Falsche Richtung für die Menschenrechte

NEW YORK – Die Welt ist in ein Zeitalter der Brutalität übergegangen, und die Gewalttäter bleiben ungestraft. Während der Sicherheitsrat der Vereinten Nationen untätig bleibt, sterben in Syrien unzählige Zivilisten. Die Schmerzen in Gaza gehen weiter, und diejenigen, die sie beenden könnten, ringen nur die Hände. Der Irak steht in Flammen, und es ist kein Ende in Sicht. Im Südsudan und in der Zentralafrikanischen Republik häufen sich die Gräueltaten, darunter eine Epidemie sexueller Gewalt. Sogar Europa ist nicht immun: Über einem Kampfgebiet der Ostukraine wurde ein ziviles Verkehrsflugzeug abgeschossen, und die Behörden wurden an Nachforschungen gehindert.

25 Jahre nach dem Fall der Berliner Mauer und über ein Jahrzehnt nach der Gründung des Internationalen Strafgerichtshofes (ICC) wird schockierend wenig getan, um diese Misshandlungen zu beenden, und die Aussichten der Opfer auf Gerechtigkeit, ganz zu schweigen von der Verurteilung der Täter, scheinen weiter in die Ferne gerückt als je zuvor.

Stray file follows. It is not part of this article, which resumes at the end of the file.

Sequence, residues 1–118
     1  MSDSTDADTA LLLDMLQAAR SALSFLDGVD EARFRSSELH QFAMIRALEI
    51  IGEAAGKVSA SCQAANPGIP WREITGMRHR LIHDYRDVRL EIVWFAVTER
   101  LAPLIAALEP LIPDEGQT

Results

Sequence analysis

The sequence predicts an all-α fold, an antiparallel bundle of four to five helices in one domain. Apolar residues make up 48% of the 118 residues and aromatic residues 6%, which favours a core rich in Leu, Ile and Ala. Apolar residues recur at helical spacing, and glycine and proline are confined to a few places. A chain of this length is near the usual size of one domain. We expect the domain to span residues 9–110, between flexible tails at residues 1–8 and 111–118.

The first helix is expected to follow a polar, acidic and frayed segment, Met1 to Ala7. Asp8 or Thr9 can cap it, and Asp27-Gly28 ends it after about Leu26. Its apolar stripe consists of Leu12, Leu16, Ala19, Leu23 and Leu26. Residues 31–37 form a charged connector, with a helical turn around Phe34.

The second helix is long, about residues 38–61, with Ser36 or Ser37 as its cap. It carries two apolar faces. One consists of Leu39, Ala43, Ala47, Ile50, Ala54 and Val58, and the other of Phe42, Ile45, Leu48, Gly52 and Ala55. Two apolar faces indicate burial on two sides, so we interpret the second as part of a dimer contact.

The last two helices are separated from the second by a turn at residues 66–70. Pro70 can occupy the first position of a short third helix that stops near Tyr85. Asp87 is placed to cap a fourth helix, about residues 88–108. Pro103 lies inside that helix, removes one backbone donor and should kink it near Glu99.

Viele Jahre lang schien die Welt bei der Anerkennung der Menschenrechte und der Forderung nach Gerechtigkeit Fortschritte zu machen. Während in den 1980ern und 1990ern in Lateinamerika sowie in Zentral- und Osteuropa Demokratien entstanden, gewannen diese Themen zunehmende Bedeutung. Obwohl die Kriege, Konflikte und Gräuel weitergingen, versuchten die Weltmächte, das Töten zu beenden. Und manchmal waren sie erfolgreich, wenn auch auf chaotische Weise und meist zu spät.

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